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Chevrolet Cobalt Front Brake Pads Replacement Guide
How to perform a front brake job on a 2005-2010 General Motors Chevy Cobalt with picture illustrated instructions.

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Cobalt Front Wheel
Loosen Plastic Lug Nuts
Pull Off Wheel Cover
This automotive "how-to" guide was specifically written to assist owners of the 2005, 2006, 2007, 2008, 2009 & 2010 Chevrolet Cobalt in replacing the front brake pads.

Owners of other similar GM vehicles such as the Cruze, Impala, Malibu, Sonic, Lumina, Buick LaCrosse, Regal, Verano, Enclave, GMC Acadia, Yukon, Pontiac Grand Prix, G6, G5, Grand Am, GTO, Vibe, Sunfire, Oldsmobile Alero, Aurora, and Cutlass may also find this guide to be helpful.

The following items are needed to complete this front brake job: a floor jack, jack stands, lug nut wrench (tire iron), a 14mm socket with ratcheting wrench, a "C" or "F" clamp, and brake pads.

Some compatible aftermarket front brake pads include the following with their respective part numbers: Wagner QC956, Raybestos PGD1160C, ACDelco 14D1160CH, Monroe CX956A, Bendix D956 and Akebono ACT956.

Hub Cab Removed
Loosen Four Lug Nuts
Engage Parking Brake
The first two steps are to engage the emergency parking brake and place wheel chocks on both sides of the rear tires to help prevent the car from moving.

Loosen the four plastic lug nuts that hold the plastic wheel cover in place and then remove it.

Slightly loosen the four metal lug nuts behind the wheel cover.

Then raise the front of the vehicle with the floor jack, and support it with at least two jack stands.

Lift Vehicle
Spin Off Four Lug Nuts
Four Lug Nuts Removed
Spin off the four lug nuts the rest of the way and remove the front wheel. Behind the wheel, you'll see the front brake rotor, caliper and caliper bracket.
Front Rotor & Caliper
Loosen Lower Caliper Bolt
Remove Lower Caliper Bolt
To access the front brake pads, remove the lower caliper bolt with a 14mm socket and ratcheting wrench by turning it clockwise (as seen from the outside of the vehicle).
Lift Up Caliper
Secure With Twine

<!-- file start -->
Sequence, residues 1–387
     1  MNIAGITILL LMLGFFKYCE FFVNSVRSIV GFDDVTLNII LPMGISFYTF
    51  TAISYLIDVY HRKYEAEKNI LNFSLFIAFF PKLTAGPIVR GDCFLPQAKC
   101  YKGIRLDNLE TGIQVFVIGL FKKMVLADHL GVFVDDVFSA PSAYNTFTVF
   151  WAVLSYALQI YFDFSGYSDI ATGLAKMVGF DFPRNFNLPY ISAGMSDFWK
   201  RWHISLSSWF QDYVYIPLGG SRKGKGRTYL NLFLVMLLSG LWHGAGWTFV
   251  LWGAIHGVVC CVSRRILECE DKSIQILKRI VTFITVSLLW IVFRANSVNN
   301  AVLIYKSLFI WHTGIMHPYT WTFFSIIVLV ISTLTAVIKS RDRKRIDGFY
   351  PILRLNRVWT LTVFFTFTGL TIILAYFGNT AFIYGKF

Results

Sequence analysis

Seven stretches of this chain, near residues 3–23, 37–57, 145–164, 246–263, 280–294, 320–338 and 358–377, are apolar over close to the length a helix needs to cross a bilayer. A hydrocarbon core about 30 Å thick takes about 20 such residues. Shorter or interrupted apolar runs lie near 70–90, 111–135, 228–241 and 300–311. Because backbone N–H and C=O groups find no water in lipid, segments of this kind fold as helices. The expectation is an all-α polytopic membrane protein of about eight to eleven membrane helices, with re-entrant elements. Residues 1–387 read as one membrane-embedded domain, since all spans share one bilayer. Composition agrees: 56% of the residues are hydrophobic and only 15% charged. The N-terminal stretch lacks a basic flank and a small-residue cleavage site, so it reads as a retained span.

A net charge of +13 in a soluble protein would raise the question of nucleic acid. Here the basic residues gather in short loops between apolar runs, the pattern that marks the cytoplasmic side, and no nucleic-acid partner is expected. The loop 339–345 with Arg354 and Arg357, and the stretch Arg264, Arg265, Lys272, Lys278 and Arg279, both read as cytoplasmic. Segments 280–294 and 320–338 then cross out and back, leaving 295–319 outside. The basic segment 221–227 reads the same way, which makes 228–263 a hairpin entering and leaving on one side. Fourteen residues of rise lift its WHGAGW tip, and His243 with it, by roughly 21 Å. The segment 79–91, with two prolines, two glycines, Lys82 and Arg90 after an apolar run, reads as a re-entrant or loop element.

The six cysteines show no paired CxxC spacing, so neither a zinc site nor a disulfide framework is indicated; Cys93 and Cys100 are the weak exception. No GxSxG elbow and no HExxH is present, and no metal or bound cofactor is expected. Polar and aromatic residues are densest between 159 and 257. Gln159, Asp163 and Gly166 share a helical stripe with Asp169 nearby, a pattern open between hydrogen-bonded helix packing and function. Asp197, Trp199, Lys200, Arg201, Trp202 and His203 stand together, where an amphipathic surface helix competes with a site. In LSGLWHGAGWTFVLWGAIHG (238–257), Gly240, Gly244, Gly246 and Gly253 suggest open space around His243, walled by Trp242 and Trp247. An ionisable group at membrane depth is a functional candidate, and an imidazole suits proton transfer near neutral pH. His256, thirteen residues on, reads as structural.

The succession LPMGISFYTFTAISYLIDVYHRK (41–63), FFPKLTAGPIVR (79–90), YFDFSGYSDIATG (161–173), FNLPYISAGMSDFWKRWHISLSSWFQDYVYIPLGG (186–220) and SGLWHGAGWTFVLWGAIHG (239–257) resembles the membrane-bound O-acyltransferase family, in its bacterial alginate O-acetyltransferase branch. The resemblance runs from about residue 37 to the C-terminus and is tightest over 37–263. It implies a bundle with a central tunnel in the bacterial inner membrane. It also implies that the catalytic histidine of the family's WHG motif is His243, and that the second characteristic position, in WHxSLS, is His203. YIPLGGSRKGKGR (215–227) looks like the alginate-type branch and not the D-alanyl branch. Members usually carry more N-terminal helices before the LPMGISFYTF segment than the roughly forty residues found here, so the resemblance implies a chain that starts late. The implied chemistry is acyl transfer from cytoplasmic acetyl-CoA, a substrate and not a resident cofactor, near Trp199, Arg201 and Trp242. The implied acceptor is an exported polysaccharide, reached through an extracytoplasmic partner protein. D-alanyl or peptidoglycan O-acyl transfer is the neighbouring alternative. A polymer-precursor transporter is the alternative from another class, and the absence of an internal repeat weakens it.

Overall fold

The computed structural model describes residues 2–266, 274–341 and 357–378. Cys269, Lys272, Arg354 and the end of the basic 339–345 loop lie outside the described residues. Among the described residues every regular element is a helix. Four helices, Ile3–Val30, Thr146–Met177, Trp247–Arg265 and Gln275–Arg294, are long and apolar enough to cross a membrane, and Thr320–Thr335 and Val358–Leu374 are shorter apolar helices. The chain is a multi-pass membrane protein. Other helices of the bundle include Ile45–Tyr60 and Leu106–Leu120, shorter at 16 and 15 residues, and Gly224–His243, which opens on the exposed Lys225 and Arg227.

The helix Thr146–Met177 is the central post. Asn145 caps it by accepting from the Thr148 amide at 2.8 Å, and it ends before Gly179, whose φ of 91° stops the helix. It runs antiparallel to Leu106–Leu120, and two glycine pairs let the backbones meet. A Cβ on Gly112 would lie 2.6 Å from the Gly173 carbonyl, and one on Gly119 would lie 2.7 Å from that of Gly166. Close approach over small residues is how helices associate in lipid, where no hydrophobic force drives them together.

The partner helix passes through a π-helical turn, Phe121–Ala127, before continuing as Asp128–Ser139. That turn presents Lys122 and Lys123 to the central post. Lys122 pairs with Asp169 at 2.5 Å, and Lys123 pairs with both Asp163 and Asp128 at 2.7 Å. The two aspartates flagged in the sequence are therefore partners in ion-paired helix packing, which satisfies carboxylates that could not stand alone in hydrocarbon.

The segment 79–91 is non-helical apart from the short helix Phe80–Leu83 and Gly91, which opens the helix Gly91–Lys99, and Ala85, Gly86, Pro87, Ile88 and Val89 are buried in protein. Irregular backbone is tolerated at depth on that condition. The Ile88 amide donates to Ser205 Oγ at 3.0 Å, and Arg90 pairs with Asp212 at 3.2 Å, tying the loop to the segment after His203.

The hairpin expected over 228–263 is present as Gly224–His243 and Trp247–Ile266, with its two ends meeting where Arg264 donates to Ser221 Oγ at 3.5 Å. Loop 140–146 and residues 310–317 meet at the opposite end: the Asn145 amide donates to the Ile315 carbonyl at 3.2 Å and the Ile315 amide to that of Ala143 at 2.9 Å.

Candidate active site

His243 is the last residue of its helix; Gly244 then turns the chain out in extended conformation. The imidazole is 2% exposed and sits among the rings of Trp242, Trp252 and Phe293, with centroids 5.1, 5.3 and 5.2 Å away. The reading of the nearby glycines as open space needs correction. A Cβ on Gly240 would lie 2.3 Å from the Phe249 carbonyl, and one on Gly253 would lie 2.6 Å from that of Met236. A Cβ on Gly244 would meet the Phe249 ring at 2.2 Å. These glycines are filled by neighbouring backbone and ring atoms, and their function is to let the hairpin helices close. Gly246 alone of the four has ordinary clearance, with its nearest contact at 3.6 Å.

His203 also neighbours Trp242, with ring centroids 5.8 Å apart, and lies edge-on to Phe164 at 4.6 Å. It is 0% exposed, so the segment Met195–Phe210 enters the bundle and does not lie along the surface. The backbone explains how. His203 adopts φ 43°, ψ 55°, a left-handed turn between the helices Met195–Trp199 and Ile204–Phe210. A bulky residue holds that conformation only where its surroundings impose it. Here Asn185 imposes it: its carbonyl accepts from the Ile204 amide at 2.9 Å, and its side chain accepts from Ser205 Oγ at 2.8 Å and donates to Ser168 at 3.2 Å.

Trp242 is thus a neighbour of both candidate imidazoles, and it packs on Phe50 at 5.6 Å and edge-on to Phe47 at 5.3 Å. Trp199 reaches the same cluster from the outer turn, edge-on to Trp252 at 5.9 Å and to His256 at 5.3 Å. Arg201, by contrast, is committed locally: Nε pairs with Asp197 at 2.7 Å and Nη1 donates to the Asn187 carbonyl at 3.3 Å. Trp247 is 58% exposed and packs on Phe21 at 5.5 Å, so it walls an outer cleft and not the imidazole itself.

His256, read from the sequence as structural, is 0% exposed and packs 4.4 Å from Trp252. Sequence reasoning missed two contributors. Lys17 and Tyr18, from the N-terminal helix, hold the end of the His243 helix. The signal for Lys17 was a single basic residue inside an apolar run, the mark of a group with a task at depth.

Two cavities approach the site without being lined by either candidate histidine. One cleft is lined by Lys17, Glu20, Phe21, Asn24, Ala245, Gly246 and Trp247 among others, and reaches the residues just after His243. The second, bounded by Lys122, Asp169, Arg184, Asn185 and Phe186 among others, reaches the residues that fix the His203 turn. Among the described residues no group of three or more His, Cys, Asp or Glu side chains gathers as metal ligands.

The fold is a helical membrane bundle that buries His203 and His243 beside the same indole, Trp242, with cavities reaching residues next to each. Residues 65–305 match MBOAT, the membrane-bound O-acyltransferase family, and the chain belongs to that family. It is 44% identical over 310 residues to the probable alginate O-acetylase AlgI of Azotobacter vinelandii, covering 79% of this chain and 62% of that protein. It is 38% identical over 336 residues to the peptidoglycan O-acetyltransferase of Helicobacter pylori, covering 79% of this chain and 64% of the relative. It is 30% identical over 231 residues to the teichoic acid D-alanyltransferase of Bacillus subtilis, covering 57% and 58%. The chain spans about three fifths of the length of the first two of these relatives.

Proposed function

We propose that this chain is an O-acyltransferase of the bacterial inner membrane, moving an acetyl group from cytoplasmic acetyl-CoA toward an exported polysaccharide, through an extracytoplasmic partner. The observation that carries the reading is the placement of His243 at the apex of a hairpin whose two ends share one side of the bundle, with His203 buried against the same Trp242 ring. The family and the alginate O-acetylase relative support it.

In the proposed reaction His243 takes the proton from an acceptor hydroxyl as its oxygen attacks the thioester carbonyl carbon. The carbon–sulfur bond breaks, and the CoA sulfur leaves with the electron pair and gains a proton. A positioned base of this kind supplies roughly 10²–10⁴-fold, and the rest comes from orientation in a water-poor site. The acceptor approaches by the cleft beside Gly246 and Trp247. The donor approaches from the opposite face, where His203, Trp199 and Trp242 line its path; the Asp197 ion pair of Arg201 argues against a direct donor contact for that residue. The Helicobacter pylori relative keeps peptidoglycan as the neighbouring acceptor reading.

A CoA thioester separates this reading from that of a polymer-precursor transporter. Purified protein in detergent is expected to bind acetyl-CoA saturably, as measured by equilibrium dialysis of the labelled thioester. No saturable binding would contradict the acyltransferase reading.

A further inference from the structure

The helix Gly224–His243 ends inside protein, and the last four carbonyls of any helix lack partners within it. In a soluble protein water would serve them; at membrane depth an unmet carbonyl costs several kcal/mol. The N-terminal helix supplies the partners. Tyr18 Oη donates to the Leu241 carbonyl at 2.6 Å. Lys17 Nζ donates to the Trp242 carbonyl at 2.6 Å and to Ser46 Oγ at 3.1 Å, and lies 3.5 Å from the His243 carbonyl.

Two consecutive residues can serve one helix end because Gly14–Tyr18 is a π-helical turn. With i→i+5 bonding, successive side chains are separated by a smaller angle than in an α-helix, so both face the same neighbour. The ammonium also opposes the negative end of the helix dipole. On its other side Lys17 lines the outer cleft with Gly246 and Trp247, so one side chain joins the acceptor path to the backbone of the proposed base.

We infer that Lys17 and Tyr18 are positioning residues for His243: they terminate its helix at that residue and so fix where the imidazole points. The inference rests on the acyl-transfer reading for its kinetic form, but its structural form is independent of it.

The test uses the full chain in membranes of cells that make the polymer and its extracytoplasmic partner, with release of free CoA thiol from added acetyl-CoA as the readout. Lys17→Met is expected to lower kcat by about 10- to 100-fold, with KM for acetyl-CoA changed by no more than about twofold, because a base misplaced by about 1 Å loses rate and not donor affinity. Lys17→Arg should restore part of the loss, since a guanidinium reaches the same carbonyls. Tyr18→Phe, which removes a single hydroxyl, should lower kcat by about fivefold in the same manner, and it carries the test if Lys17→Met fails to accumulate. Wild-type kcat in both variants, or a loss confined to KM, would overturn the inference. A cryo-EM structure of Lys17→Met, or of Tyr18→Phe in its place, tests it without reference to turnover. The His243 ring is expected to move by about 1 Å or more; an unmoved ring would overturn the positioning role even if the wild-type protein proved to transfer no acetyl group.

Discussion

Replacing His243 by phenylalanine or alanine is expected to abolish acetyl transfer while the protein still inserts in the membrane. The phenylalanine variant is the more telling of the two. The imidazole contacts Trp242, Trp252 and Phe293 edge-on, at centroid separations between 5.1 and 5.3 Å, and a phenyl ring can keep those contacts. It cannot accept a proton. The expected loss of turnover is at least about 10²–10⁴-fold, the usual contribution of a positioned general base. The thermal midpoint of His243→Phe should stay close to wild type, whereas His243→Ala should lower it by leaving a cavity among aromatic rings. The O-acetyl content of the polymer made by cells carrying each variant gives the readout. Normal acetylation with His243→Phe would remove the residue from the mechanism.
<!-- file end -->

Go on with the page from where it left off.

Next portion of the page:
Old Brake Pads Exposed
Then swing the front brake caliper upwards away from the rotor and off the pads.

Support the brake caliper by attaching it to the suspension spring with a piece of twine or rope.

This will prevent the caliper from crashing down on your fingers or the rotor while you are replacing the pads.

Pull Old Pads Off
Wear Bar - Top Inner Pad
Lubricate Caliper Pins
Pull the old front brake pads off the rotor and out of the caliper bracket.

Make a mental note of where the wear or "squeal" bar is located on the old pads.

On this 2010 Cobalt, the wear bar was situated at the top of the inner brake pad.

I recommend buying the Wagner ThermoQuiet QC956 brake pads since they have excellent reviews on Amazon. I also like how they don't require any backing plates, shims or disc brake quiet gel due to the built in insulators.

If your new brake pads didn't come equipped with wear bars, pull the old wear bar off the existing pads and attach it to the new pads.

To help ensure safe and effective braking, both of the caliper pins should be removed and lubricated with a high pressure / temperature moly grease (A.K.A. caliper slider lube).

Be sure to gently remove the caliper slider pins from their rubber dust boots so as to avoid damaging them.

Brake Fluid Reservoir
Twist Off Reservoir Cap
Compress Caliper Piston
In order for the caliper to fit over the thicker new brake pads, the caliper piston will need to be compressed backwards.

First twist off the cap on the brake fluid reservoir in the engine bay which will allow the fluid to travel more easily through the brake line system.

Attach a "C" or "F" clamp to to the caliper using an old brake pad to help evenly spread the force on the piston.

Very slowly compress the piston while repeatedly checking the level of brake fluid in the reservoir to prevent it from overflowing.

Only compress the caliper piston as far back until it is flush with the rubber dust boot or the metal caliper body.